“When you consider what this place was maybe 150 years ago, it was just prairie. There were just a few trees along the river,” says Alex Nagy, an urban forestry technician with the City of Calgary. “If you go up on Nose Hill, you can see how green the city is, especially the inner city and established communities. It’s the outskirts, the newly developed communities, where you notice less canopy coverage.”

The sun is warm, bordering on toasty, and walking across the shadeless sections of Riley Park is nearly enough to break a sweat. Bird chirps sweeten the distant sound of light traffic as Nagy leads me and Julie Guimond, the City’s urban forestry lead, to a pair of trees near the southeast corner of the park.

“These,” he says, gesturing, “are apricots.”

Calgary, as any green thumb knows, is a hard place to grow anything. Unpredictable weather, huge temperature swings, the dry climate and soil more suited to sustaining grasslands than growing gardens — it’s a tough life for gardens and gardeners.

And yet, apricot trees. Yes, real apricots, the ones you’re thinking of: Prunus armeniaca, also known as Armenian plum. Nagy estimates these trees are well over 50 years old. “I know some people in Varsity who have apricot [trees] in their backyard and they get so much fruit on them, it’s crazy,” he says.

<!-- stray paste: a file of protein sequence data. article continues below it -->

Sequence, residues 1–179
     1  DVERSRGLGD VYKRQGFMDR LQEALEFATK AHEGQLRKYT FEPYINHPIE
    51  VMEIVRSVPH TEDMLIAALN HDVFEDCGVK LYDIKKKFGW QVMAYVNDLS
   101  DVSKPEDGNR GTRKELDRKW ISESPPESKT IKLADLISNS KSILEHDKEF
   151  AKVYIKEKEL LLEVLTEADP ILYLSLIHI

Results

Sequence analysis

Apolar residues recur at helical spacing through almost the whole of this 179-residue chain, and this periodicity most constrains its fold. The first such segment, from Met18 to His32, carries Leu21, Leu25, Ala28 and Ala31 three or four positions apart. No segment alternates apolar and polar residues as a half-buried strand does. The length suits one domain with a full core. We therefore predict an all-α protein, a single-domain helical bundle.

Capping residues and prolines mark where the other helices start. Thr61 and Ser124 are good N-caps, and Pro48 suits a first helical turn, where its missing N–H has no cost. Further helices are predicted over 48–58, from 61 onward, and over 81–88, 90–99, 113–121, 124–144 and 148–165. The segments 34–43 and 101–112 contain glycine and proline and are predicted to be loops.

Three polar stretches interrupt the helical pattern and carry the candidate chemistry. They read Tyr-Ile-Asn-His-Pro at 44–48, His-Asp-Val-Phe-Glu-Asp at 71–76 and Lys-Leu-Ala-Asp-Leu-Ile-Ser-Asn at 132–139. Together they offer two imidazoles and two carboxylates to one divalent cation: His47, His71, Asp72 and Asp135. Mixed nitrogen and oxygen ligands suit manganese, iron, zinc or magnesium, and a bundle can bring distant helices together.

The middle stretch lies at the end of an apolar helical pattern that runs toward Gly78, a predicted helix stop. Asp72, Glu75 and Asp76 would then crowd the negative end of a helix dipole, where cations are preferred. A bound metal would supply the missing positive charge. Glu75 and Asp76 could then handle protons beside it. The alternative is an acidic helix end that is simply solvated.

Few would think of Calgary as a place to grow stone fruit. But urban forests hold many surprises for those who take time to appreciate them.

Calgary has about seven million trees, and the City estimates the value of the publicly owned urban forest at more than $1.3 billion. Those are pretty big numbers. But a more revealing figure is 8.22 per cent. That’s the estimated tree canopy coverage over the city. While other cities have current or targeted canopy figures of around 40 to 50 per cent, Calgary is aiming for a whopping 16 per cent. That might not sound like much, but such a comparatively low goal is not for lack of ambition. In fact, reaching that target, effectively doubling the current canopy coverage, is a spectacularly lofty objective. Trying to compete with other cities with friendlier tree climates would be quixotic.